What's your favorite Murakami book?

What's your favorite Murakami book?

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  1. 2 months ago
    Anonymous

    Hardboiled Wonderland.

    • 2 months ago
      Anonymous

      digits and fpbp

      i liked after the quake
      everything else kinda sucks, but kafka on the shore sucks in a good way

      I love AtQ, but I don't agree with the rest.

  2. 2 months ago
    Anonymous

    any where he feels the need to describe panties but a wild sheep chase in particular

  3. 2 months ago
    Anonymous

    I’m ashamed to admit I’ve only read Hard Boiled Wonderland and the End of the World. It was great though.

  4. 2 months ago
    Anonymous

    I've only read After the Quake. It was alright. Superfrog was such a bro.

  5. 2 months ago
    Anonymous

    i liked after the quake
    everything else kinda sucks, but kafka on the shore sucks in a good way

  6. 2 months ago
    Anonymous

    For me, its either Norwegian Wood or In The Miso Soup

    • 2 months ago
      Anonymous

      this is a troll right?
      It must be a troll

      • 2 months ago
        Anonymous

        What do you mean?

        • 2 months ago
          Anonymous

          Wrong Murakami

        • 2 months ago
          Anonymous

          Just because you don't like it means its a "wrong" Murakami? Frick off lol

        • 2 months ago
          Anonymous

          I'm the original replier.
          One is by haruki and the other by ryu, the director.
          Very different writers. Probably you confused them when reading in traslation. The ones I enjoyed the most from Ryu where Almost Transparent Blue and Coin Locker Babies.

  7. 2 months ago
    Anonymous

    Hardboiled Wonderland and the End of the World
    Read it as someone who saw the anime Haibane Renmei, which is, as I understand it, the only piece of media that seemed to take direct inspiration from The Town in the book. It's so hard to find a stories that capture the same sense of enigma.

    • 2 months ago
      Anonymous

      I've heard it said that Lain is the Hardboiled Wonderland while Haibane is the End of the World. Curious to read the book now, only just watched Haibane and fricking loved it.

      • 2 months ago
        Anonymous

        Enjoy the Hardboiled anon. It's a very unique experience from beginning to end. It deals with certain concepts and paradoxes that kinda forced me to do a bit of research, but I can say that having an understanding of what's going on is absolutely worth it, and gives it an emotional potency that I've rarely come across elsewhere.

        • 2 months ago
          Anonymous

          >I can say that having an understanding of what's going on is absolutely worth it
          Can you elaborate? What's your interpretation on what's going on in the book? I've read it 3 times but I'm still not quite sure... It's been a while since I read it the last time but I think it's at least in part about the main character going through a sort of early midlife crisis, coming to terms with death and transience of life. That's all I could figure out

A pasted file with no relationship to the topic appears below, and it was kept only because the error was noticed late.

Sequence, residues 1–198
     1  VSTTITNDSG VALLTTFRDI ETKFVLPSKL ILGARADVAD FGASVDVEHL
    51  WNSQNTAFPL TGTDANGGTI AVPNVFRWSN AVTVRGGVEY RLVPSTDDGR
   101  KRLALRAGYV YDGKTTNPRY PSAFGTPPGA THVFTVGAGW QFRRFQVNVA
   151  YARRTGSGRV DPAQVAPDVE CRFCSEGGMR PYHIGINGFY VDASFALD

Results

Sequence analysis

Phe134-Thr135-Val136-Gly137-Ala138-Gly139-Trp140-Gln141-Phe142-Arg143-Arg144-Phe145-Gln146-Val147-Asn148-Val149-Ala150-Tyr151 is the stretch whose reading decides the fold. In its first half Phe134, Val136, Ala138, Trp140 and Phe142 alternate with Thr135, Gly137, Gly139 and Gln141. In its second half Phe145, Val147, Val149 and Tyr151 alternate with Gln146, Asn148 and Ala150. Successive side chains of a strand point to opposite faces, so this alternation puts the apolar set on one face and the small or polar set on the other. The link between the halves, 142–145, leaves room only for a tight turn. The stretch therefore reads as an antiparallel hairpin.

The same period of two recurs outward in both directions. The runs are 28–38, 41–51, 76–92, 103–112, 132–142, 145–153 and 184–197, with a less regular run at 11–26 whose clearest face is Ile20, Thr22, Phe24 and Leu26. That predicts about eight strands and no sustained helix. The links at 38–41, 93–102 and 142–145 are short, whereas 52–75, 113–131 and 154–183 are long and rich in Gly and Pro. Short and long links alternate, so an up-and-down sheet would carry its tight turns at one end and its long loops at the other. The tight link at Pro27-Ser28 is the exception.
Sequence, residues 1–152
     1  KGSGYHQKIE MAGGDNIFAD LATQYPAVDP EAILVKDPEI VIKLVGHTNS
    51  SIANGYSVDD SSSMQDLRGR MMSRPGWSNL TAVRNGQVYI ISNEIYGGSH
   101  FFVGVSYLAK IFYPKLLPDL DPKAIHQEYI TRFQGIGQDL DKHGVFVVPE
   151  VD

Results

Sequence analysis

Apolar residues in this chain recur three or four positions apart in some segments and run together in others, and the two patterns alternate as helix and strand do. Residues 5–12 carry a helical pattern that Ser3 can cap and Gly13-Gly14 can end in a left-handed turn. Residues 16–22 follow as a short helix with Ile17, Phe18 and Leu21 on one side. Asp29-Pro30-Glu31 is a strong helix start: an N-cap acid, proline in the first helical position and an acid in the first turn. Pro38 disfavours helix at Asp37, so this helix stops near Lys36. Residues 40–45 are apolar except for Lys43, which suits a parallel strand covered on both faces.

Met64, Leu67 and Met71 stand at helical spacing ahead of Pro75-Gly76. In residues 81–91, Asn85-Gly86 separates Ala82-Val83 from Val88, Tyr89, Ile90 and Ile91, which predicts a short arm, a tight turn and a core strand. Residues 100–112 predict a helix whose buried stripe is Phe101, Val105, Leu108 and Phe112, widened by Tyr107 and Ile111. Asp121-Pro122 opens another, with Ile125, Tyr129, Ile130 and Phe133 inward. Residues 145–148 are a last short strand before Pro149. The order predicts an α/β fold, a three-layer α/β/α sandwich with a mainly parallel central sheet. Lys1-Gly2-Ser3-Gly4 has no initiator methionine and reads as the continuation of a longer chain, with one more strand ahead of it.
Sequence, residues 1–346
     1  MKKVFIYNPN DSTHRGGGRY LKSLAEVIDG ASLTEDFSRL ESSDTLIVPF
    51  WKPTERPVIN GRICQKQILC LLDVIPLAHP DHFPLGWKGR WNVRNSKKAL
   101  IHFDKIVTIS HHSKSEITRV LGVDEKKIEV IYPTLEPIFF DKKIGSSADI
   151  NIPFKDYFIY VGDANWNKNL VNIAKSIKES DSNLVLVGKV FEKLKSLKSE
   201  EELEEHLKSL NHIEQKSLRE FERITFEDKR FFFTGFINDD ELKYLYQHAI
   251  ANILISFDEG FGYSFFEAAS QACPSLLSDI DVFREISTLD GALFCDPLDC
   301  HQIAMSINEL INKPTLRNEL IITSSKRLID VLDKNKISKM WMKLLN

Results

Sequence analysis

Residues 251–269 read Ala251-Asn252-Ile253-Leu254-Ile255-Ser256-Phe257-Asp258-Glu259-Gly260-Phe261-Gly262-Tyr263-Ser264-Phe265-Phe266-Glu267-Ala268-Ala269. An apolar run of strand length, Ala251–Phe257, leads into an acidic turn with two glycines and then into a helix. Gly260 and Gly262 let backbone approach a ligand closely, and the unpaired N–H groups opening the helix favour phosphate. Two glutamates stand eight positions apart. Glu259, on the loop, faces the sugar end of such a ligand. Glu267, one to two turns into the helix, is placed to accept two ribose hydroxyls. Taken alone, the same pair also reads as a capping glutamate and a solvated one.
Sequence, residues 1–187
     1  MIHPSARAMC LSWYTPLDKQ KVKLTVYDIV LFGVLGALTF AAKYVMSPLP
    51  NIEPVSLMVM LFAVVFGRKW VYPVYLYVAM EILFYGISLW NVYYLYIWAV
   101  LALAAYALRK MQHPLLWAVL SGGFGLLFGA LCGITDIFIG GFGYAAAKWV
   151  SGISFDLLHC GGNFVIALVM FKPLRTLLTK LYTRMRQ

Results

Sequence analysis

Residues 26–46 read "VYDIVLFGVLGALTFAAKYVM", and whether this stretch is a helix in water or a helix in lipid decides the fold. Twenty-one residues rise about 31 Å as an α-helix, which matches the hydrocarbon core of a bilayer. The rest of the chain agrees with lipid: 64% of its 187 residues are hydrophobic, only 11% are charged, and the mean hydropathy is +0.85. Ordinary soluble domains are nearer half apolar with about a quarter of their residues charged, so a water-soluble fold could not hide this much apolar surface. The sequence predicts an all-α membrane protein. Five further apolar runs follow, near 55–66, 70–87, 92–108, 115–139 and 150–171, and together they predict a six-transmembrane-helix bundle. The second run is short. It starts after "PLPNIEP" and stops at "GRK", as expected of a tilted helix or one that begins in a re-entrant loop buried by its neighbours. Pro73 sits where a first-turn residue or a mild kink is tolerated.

• 2 months ago
            Anonymous

            I'll try to summarize what I can... The two seemingly underrelated stories actually exist in the same narrative, but in different parts of the brain. The unnamed main character has had, since birth, an inner part of his sub-consciousness that was somewhat isolated from the rest. Upon becoming a Calcutec, he was given a special kind of experiment by the Professor that involved the creation the setting of The Town in his mind. This is the actual setting of the second story. Due to the nature of the experiment detailed in the Elephant Factory chapter, somehow this part of his brian was stopped at a particular point in time and exists in a sort of tautological time paradox. It is then revealed that the "switching" device used to manage the circuts of his brain for shuffling were malfunctioning, and that within a couple days, his mind would become trapped within this dreamworld for all eternity. He could let this happen... or kill himself and die like everything else. That's the somber ultimatum given to him. Just the idea of achieving everlasting in that specific way is disquieting in a way that's hard to put into words.

            Forgive me if I butchered that explaination guys, but I that's the best I can come up with. lol

          • 2 months ago
            Anonymous

            >was malfunctioning
            >die like everyone else
            typos.

          • 2 months ago
            Anonymous

            I think I understood most of the plot points you described on my second or third read. That is to say, I agree with your interpretation lol. Are you the anon I replied to earlier that said he'd figured out the story?

          • 2 months ago
            Anonymous

            Yep, I had to take a look back in the book when recalling certain things. lol

  8. 2 months ago
    Anonymous